Does your cat ‘make biscuits’ before bedtime?

For those unfamiliar with the term “making biscuits” as it relates to animals, it’s when a cat, like our 4-year-old Pip, comfortable in his environment, starts moving alternating paws back and forth on a surface. Many researchers and owners also call this behavior “kneading.”

Pip does this, but not all that frequently. I just figured he was like my husband Ed, who eats biscuits but doesn’t want to make them.

Researchers aren’t certain when cats started doing this, but most believe the action is rooted in how they learned to handle challenges in their lives.

Cats begin this behavior as kittens, kneading their mothers’ bellies to induce them to make milk. As they grow, researchers believe, cats use this instinct in other situations as well.

“Making biscuits” seems to be the behavior equivalent of dogs turning in circles to make a surface comfortable before lying down to sleep. Dogs do not knead, but the principle is the same.

We most often see Pip making biscuits when he’s tired and ready for a snooze. He thoroughly kneads his sleeping area, and if we disturb that area by perhaps stepping or sitting on his desired surface, he’ll start kneading the area again.

Cats will also knead to leave their scents to mark their territory or to stretch to stay limber, especially as they age.

“Cats have scent glands on the underside of their paws, and they use scent as a way of creating familiarity, marking territory, self‑soothing or bonding with another creature,” Kayleigh Kilcommons, head of cattery at, told a Newsweek reporter.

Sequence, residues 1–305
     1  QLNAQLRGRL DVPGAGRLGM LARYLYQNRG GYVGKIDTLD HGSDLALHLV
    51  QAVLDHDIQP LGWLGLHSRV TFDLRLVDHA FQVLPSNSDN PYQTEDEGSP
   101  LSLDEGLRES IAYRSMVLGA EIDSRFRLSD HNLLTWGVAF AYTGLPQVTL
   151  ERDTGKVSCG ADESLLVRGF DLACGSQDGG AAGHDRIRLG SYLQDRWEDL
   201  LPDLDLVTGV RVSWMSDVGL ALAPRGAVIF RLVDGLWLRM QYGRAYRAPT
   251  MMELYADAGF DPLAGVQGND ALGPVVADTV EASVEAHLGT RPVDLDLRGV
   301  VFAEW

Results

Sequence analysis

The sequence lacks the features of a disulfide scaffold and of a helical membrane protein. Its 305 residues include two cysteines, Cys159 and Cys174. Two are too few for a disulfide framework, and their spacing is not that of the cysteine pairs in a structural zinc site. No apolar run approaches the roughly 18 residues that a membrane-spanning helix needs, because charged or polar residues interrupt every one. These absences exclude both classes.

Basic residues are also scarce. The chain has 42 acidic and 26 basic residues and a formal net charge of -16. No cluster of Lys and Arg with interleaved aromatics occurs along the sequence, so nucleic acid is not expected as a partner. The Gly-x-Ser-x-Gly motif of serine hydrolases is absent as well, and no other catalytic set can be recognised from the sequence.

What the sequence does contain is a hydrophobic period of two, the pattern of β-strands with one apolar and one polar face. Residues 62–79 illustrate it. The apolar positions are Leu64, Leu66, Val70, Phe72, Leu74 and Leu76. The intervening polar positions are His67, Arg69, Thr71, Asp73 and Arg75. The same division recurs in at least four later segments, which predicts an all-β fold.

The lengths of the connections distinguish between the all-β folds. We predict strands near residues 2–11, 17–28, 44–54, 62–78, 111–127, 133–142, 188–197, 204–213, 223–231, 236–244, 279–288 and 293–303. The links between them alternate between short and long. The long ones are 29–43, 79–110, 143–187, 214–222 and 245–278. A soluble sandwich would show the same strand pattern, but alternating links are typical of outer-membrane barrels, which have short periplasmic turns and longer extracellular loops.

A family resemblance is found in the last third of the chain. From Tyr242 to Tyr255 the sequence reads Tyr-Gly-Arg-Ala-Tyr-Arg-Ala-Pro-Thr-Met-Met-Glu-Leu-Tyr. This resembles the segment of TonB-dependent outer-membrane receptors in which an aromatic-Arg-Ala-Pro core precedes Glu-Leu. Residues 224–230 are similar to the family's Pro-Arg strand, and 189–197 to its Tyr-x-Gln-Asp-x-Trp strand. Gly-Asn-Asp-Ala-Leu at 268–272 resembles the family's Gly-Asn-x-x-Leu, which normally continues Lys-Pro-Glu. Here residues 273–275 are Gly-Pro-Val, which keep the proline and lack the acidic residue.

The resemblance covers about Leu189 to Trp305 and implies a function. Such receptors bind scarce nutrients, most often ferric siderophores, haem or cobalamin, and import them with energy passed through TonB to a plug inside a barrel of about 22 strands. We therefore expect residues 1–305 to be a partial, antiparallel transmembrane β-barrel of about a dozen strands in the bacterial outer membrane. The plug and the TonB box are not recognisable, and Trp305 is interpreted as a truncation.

Pip always marks his “spot” with head rubs and purrs, not by kneading. He stretches when he gets up from a long stationary position such as a nap, but I have never witnessed kneading during this time.

Since it wasn’t a common behavior, it was surprising a few months ago when the frequency of Pip’s “biscuit-making” began increasing.

We had just finished a remodel in our bathroom and had purchased new accessories, including a plush bathroom rug. When Pip started taking afternoon naps on the rug, I assumed it was because the sun streamed through the window at that time of day.

But days later, as I was putting towels away in the master closet, I heard a strange sound coming from the bathroom. As I headed out of the closet, I saw Pip making biscuits on the thick, soft, plush rug, stretching each paw in almost a musical rhythm or beat before lying down for his afternoon nap.

I think I may have stumbled upon another reason cats make biscuits:

Plush bathroom rugs.

To see Pip making his “biscuits,” check out the video on Teddy the Lab’s Facebook page.

Karin Spicer is a member of The Dog Writers Association of America. She is lives with her family and two furry pets who inspire her. She can be reached at

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